• "blacklist": [licenses...] - Any detected licenses listed here will trigger an error for tink check-licenses. This takes precedence over "whitelist"
  • "whitelist": [licenses...] - Any detected licenses NOT listed in here will trigger an error.
$ tink lint [options]
  • Aliases: tink typecheck, tink type

Executes the configured lint and typecheck script(s) (in that order), or a default baseline linter will be used to report obvious syntax errors in the codebase's JavaScript.

$ tink build [options]

Executes the configured build script, if present, or executes silently.

$ tink clean [options]

Removes .package-map.json and executes the clean run-script, which should remove any artifacts generated by tink build.

$ tink test [options]

Executed the configured test run-script. Exits with an error code if no test script is configured.

$ tink check

Executes all verification-related scripts in the following sequence, grouping the output together into one big report:

  1. tink check-lock - verify that the package-lock.json and package.json are in sync, and that .package-map.json is up to date.
  2. tink audit - runs a security audit of the project's dependencies.
  3. tink check-licenses - verifies that the current project has a license configured, and that all dependencies have valid licenses, and that none of those licenses are blacklisted (or, if using a whitelist, that they are all in said whitelist -- see the tink check-licenses docs for details).
  4. tink lint - runs the configured linter, or a general, default linter that statically scans for syntax errors.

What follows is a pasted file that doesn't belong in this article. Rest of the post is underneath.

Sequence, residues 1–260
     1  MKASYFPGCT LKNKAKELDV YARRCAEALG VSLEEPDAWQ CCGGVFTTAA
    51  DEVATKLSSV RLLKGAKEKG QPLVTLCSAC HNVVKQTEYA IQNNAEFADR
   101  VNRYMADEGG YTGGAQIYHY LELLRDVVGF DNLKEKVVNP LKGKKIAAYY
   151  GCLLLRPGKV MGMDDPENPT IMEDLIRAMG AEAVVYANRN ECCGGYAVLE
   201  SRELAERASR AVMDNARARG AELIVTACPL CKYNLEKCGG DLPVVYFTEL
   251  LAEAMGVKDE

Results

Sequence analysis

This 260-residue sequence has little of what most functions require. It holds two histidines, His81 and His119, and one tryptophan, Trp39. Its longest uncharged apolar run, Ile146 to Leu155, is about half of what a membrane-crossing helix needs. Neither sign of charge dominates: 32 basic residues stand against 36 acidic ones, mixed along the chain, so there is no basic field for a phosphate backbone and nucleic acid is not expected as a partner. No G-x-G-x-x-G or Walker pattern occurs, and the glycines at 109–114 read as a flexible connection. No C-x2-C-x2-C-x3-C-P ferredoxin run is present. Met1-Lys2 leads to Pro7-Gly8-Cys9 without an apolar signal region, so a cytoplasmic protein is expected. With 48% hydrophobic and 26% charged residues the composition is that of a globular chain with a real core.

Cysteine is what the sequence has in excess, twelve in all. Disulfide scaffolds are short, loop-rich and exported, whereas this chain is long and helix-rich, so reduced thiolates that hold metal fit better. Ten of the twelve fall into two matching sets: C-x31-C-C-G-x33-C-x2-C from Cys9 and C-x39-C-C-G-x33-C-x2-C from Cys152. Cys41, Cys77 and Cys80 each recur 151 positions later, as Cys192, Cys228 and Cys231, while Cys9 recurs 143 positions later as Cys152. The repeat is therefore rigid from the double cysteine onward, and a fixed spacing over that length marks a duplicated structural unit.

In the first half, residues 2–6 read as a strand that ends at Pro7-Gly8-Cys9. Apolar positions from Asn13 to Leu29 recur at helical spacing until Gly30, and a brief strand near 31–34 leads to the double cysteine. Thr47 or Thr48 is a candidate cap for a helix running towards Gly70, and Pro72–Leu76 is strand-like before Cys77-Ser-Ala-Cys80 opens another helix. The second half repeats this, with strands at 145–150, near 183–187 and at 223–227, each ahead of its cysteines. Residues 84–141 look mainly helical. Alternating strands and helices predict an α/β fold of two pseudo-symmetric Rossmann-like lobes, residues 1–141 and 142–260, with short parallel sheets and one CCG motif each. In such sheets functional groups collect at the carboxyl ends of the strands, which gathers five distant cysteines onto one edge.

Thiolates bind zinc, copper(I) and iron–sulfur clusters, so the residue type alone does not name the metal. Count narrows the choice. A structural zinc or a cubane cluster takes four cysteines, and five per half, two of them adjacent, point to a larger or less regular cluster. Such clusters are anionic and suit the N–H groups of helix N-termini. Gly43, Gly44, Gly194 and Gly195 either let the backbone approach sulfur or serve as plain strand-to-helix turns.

5. tink build - if a build script is configured, the build will be executed to make sure it completes successfully -- otherwise, this step is skipped.
  6. tink test - runs the configured test suite. skipped if no tests configured, but a warning will be emitted.

The final report includes potential action items related to each step. Use --verbose to see more detailed output for each report.

$ tink publish [options] [tarball...]

Publishes the current package to the configured registry. The package will be turned into a tarball using tink pack, and the tarball will then be uploaded. This command will also print out a summary of tarball details, including the files that were included and the hashes for the tarball.

If One-Time-Passwords are configured on the registry and the terminal is a TTY, this command will prompt for an OTP token if --otp <token> is not used. If this happens outside of a TTY, the command will fail with an EOTP error.

Unlike npm publish, tink publish requires that package.json include a "files":[] array specifying which files will be included in the publish, otherwise the publish will fail with an error. .npmignore is obeyed, but does not remove the requirement for "files".

If --dry-run is used, all steps will be done, except the final data upload to the registry. Because the upload never happens, --dry-run can't be used to verify that publish credentials work.

If one or more tarball arguments are passed, they will be treated as npm-package-arg specifiers, fetched, and re-published. This is most useful with git repositories and local tarballs that have already been packaged up by tink pack

$ tink pack [options] [spec...]

Collects the current package into a tarball and writes it to ./<pkgname>-<pkgversion>.tgz. Also prints out a summary of tarball details, including the files that were included and the hashes for the tarball.

Unlike npm pack, tink pack requires that package.json include a "files":[] array specifying which files will be included in the publish, otherwise the publish will fail with an error. .npmignore is obeyed, but does not remove the requirement for "files".

If one or more spec arguments are passed, they will be treated as npm-package-arg specifiers, fetched, and their tarballed packages written to the current directory. This is most useful for fetching the tarballs of registry-hosted dependencies. For example: $ tink pack react@1.2.3 will write the tarball to ./react-1.2.3.tgz.

$ tink login

Use this command to log in to the current npm registry. This command may open a browser window.

$ tink logout

Use this command to remove any auth tokens for the current registry from your configuration.